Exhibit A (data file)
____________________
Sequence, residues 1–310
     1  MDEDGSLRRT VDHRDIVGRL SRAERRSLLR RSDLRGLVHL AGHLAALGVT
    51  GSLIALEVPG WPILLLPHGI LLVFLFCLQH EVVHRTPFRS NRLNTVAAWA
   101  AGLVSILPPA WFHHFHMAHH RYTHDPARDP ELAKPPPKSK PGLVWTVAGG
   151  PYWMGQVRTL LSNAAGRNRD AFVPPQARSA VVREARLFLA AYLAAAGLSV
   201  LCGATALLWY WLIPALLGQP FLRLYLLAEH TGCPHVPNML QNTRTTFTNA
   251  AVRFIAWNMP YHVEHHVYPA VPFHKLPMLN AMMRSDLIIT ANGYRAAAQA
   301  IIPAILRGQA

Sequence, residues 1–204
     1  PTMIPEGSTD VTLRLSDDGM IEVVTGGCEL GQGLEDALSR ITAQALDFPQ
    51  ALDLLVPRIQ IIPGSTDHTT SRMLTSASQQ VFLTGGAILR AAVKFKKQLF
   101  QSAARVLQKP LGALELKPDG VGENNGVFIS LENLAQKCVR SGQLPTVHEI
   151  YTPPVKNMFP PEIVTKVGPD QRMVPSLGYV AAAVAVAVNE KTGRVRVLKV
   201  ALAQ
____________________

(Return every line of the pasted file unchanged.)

Sequence, residues 1–310
     1  MDEDGSLRRT VDHRDIVGRL SRAERRSLLR RSDLRGLVHL AGHLAALGVT
    51  GSLIALEVPG WPILLLPHGI LLVFLFCLQH EVVHRTPFRS NRLNTVAAWA
   101  AGLVSILPPA WFHHFHMAHH RYTHDPARDP ELAKPPPKSK PGLVWTVAGG
   151  PYWMGQVRTL LSNAAGRNRD AFVPPQARSA VVREARLFLA AYLAAAGLSV
   201  LCGATALLWY WLIPALLGQP FLRLYLLAEH TGCPHVPNML QNTRTTFTNA
   251  AVRFIAWNMP YHVEHHVYPA VPFHKLPMLN AMMRSDLIIT ANGYRAAAQA
   301  IIPAILRGQA

Sequence, residues 1–204
     1  PTMIPEGSTD VTLRLSDDGM IEVVTGGCEL GQGLEDALSR ITAQALDFPQ
    51  ALDLLVPRIQ IIPGSTDHTT SRMLTSASQQ VFLTGGAILR AAVKFKKQLF
   101  QSAARVLQKP LGALELKPDG VGENNGVFIS LENLAQKCVR SGQLPTVHEI
   151  YTPPVKNMFP PEIVTKVGPD QRMVPSLGYV AAAVAVAVNE KTGRVRVLKV
   201  ALAQ